Sitting in the living room I rearranged over the weekend, enjoying the the new energy the room still has, facing the window with the blinds open, at my table in the corner with my moleskin and a felt-tipped pen.

Felt-tipped pens are perfect for certain writing. They’re not fast, but my handwriting is lovely when I write with them (because they’re not fast), and I have so many colors. Colors make me happy.

I decided early in pandemic that the moleskin was for writing with these pens. I can only write on one side of each page which feels wasteful, but I’m letting that go. I know I will be more upset with the difficulty in reading it with the other side bleeding through.

It’s a journal of sorts, so when I want to write about goings-on, I choose it and a color contrasting the most recent color, though sadly not yellow, because it’s too hard to see. I do have a darker yellow that I can get away with occasionally.

I sat down with my spiral notebook this morning, planning to do some free writing in it, but the pen wanted to write about the moment. I put the spiral and ball point pen away, took out the moleskin, and wrote.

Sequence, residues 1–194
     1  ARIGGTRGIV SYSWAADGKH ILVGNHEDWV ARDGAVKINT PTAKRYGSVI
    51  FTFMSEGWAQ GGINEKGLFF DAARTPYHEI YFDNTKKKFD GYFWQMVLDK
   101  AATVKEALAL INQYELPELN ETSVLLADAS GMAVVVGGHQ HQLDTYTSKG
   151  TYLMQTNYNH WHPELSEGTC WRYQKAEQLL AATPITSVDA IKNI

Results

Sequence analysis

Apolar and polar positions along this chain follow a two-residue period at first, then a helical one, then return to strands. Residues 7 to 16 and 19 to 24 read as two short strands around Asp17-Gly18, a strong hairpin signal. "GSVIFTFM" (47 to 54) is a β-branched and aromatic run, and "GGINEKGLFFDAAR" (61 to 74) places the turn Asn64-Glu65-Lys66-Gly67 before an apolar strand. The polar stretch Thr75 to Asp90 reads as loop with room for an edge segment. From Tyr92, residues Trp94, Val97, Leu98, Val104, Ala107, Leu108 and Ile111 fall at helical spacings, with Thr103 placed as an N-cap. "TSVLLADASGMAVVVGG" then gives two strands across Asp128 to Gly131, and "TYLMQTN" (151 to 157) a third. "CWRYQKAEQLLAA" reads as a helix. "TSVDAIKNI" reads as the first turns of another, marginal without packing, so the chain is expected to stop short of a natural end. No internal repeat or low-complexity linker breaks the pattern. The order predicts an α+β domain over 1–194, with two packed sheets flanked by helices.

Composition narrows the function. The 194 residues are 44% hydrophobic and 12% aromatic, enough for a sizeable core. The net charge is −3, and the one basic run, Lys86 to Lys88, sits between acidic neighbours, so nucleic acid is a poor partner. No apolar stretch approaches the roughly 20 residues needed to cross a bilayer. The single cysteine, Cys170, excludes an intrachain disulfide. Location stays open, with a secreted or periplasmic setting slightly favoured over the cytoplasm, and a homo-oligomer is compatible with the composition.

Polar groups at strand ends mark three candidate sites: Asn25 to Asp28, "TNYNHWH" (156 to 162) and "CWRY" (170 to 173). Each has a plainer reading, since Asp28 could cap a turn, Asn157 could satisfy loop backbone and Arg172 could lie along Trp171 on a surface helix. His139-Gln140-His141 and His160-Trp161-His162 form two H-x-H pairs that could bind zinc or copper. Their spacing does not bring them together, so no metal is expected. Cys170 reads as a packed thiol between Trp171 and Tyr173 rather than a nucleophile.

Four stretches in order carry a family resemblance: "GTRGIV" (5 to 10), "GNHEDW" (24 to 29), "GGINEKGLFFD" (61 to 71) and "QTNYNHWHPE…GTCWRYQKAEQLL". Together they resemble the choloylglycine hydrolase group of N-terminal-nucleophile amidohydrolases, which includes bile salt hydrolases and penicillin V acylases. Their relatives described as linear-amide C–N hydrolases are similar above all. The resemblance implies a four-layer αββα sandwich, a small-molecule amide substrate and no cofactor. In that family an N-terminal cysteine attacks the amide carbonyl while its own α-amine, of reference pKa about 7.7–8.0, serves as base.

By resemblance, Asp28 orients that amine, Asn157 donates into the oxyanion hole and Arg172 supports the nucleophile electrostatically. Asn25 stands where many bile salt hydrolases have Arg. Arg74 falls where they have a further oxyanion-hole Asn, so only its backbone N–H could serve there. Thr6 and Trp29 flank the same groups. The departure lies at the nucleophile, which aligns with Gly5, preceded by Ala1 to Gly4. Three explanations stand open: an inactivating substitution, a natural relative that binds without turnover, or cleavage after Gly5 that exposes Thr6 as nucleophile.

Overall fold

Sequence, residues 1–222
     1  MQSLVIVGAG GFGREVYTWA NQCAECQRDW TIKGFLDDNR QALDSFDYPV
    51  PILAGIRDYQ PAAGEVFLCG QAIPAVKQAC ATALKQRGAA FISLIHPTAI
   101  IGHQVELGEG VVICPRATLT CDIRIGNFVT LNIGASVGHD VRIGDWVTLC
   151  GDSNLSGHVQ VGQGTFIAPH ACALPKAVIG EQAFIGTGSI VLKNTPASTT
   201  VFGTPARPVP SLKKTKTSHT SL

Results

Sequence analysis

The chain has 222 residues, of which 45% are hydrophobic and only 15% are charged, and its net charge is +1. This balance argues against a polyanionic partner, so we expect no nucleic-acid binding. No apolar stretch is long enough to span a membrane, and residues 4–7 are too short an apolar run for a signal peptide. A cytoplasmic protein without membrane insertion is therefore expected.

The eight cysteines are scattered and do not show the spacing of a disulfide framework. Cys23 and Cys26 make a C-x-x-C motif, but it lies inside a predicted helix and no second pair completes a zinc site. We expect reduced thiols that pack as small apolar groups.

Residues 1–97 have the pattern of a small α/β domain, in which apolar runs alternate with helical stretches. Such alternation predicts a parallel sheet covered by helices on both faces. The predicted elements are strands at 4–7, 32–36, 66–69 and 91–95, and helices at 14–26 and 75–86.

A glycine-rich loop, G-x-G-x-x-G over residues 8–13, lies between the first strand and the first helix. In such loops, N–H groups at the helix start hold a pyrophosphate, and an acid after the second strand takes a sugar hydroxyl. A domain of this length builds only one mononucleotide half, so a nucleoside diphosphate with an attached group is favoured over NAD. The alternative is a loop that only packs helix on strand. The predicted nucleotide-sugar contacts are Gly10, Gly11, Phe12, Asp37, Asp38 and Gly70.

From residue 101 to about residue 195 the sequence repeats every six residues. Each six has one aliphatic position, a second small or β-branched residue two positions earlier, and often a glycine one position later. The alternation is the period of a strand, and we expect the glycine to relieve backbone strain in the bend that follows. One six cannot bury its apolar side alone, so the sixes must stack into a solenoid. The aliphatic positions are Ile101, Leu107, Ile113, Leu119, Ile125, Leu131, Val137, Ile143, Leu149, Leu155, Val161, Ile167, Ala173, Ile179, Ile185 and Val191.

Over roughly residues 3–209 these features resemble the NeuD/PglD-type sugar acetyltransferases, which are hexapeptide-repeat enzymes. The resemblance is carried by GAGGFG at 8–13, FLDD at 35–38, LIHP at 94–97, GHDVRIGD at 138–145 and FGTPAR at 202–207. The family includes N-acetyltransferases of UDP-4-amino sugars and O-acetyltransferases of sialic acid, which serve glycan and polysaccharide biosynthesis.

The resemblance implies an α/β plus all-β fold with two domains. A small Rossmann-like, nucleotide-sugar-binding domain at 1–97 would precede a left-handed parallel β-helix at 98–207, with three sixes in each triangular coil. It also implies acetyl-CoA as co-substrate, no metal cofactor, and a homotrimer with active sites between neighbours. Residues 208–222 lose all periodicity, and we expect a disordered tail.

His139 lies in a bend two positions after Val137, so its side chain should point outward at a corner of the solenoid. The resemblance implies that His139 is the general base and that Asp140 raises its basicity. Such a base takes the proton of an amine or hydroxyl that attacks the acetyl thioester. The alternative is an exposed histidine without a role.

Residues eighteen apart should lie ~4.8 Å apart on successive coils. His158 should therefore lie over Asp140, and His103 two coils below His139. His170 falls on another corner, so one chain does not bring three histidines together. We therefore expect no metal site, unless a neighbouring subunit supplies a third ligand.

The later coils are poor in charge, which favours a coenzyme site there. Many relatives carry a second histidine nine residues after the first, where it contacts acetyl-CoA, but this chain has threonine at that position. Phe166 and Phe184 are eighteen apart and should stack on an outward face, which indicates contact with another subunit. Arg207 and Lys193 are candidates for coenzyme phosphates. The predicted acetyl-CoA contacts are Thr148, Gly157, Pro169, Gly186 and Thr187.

The Kid is at school. It’s the first morning in a full month—between winter break and two weeks of virtual learning—that he’s had school at school. The Climbing Daddy is working in the other room but not on a call. The dogs are napping on the couch next to me.

It’s quiet.

It’s beautiful.

The weather is cold, overcast, wet, dark this morning. The sun is among those of us having trouble getting up today. I have a candle burning and a cup of hot tea. This moment, as I just enjoy it, is one brand of perfect.

(There are so many types of perfect moments.)

If I get to thinking even a little bit, the moment loses its luster. Schools shouldn’t be open. All three county dashboard metrics are at red for the whole county. The country is potentially on the brink of civil war. I hope it doesn’t go that far but I can’t be surprised if it does.

Those realities are definitely not part of my perfection.

There’s enough time for those later. For now, I will soak in the quiet of my little corner with my tea, candle, and felt-tipped pen.

Posted in about me, connections, ebb & flow, exercise, mental health, mindset, motivation, tips